The Pentagram and Advertiser (originally the Upper Canada Pentagram) was a fairly scandalous sheet put out in the 1800s by the Rev. Darby Scone. Principally, it was a Reformer paper, devoting most of its space to overly-erudite attacks on the Family Compact, the powerful elite who then ran the country. But in between these, and between the advertisements for various tonics and miracle cures, were bizarre and often hideous stories, all purporting to be factual.

The Rev. Scone was clearly touched in the head and, indeed, he ended his days in the Rockwood Asylum, but no harm had come from his rantings. Nonetheless, Kingstonians were still touchy on the subject and (so I had heard) often feigned ignorance when it was mentioned by a curious tourist. Howard Noel, though, was not to be put off, and the librarian finally agreed to show him to the infamous collection.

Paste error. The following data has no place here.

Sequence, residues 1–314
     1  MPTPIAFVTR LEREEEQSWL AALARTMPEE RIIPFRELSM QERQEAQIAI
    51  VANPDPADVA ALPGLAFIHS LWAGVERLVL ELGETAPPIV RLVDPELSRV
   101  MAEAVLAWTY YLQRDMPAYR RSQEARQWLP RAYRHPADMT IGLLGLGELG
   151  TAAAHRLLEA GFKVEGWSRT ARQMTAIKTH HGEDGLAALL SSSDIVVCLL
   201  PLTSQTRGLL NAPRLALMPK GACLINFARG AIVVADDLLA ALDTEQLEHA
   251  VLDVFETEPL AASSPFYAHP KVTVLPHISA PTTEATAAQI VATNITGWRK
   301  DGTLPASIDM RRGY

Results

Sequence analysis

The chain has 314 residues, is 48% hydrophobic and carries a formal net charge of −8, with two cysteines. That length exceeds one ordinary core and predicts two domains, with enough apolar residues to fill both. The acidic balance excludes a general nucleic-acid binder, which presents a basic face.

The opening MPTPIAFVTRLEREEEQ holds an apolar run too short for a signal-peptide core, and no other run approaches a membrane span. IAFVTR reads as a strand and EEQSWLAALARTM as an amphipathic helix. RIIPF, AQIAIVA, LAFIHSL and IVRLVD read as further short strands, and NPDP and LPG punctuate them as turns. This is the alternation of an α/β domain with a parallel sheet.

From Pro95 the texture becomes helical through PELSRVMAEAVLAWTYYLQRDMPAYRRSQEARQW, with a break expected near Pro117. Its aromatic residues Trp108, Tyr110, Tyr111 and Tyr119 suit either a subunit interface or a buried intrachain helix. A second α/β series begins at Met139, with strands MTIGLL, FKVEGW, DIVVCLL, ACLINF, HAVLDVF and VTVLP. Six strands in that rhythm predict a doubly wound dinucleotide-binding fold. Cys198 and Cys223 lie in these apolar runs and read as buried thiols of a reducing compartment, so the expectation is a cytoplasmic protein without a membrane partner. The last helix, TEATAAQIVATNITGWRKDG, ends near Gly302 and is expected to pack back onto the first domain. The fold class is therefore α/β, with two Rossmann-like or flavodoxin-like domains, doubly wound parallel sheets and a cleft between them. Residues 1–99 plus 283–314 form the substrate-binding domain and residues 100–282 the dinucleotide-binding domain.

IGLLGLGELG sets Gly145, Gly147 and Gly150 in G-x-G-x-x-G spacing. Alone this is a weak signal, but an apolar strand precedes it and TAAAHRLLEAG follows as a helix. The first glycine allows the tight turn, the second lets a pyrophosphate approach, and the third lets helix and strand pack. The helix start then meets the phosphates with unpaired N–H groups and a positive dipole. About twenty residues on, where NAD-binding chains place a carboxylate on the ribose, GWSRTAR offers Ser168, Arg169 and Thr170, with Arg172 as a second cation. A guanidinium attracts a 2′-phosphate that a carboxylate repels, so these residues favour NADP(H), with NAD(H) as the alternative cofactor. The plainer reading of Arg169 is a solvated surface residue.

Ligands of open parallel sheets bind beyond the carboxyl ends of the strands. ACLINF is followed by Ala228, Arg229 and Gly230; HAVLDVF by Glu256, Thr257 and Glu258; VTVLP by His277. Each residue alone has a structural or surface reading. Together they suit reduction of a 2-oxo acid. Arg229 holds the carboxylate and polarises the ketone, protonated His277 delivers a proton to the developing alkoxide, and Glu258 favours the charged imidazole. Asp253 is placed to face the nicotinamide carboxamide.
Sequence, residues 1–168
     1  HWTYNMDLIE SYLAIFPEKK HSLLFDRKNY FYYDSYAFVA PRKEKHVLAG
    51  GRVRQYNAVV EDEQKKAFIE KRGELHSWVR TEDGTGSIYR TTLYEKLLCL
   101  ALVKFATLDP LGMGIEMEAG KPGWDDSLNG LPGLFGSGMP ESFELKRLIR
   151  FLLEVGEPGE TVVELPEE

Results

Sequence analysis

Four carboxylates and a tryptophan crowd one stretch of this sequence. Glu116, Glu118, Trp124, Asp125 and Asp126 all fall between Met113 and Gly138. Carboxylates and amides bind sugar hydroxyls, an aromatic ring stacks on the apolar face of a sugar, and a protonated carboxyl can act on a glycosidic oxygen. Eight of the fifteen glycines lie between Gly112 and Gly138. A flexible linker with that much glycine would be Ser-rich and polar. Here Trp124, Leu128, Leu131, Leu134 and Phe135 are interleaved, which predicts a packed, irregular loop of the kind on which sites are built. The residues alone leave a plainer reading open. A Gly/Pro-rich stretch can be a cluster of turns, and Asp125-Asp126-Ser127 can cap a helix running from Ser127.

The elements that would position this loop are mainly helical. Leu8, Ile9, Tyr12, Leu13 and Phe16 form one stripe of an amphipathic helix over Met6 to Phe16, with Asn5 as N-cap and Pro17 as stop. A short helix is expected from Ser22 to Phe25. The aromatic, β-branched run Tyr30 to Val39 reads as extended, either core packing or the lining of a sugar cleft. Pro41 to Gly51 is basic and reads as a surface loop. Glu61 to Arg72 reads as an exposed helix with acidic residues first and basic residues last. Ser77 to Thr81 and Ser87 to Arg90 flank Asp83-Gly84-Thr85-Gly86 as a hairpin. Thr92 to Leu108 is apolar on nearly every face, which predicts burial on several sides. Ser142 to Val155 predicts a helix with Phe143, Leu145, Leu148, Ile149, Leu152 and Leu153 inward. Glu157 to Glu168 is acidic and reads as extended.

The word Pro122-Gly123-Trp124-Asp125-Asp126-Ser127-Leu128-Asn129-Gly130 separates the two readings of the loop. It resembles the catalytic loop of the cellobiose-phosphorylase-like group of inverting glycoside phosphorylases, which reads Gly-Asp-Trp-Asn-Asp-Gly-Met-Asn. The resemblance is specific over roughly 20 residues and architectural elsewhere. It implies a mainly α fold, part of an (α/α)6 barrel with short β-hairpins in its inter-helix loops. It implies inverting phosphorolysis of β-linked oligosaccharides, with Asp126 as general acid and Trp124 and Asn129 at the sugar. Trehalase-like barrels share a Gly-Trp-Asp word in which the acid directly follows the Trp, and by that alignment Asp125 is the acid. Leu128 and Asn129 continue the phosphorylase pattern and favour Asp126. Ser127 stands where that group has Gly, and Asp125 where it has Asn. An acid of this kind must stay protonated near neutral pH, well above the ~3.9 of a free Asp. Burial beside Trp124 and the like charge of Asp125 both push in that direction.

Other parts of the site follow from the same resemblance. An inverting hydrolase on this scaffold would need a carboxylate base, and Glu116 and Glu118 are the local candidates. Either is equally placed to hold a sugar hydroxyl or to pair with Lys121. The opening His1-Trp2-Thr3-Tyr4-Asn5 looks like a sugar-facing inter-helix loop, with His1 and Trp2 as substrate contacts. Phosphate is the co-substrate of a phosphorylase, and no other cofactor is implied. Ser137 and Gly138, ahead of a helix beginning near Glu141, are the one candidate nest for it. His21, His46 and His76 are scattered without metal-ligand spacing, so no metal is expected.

Barely had they left than I noticed the reporter had left behind his leather notebook atop the desk. It sat open and I could easily read the tight, unruly scribbles on one page. Immediately my interest was piqued.

The top was headed: Interview with K. R., and beneath this ran:

Elderly woman, rambling, frequently unclear, paranoid...senile?

I read on.

Seems frightened, constantly looks around, even at son. Startled by my camera. Finds queer significance in disparate historical incidents. Examples:

De Denonville ordered Fort Frontenac (later Kingston) destroyed, abandoned without reason, 168-?

War of 1812, Americans refuse to attack city, though Kingston key to conquest of Canada. Why?

Kingston made capitol of Canada, 1841, then decision reversed without explanation. Why?

Fire at Market Shambles, 1865. Something was found. Note: What is a market shambles?

Odd as all this seemed, the next notation stopped my breath.

Hanging tower? Investigate, if there's time.

My uncle's letter had warned me not to enter the mysterious "hanging tower"; then, on his death bed he had said something else to the same effect. Now, this. Was it mere coincidence?

Nervously, I continued to read.

Clearly insane. Too bad. Need better source. Her son is overly protective. Keeps asking me to leave. (She looks at him strangely. Don't blame her. Face like a mask.)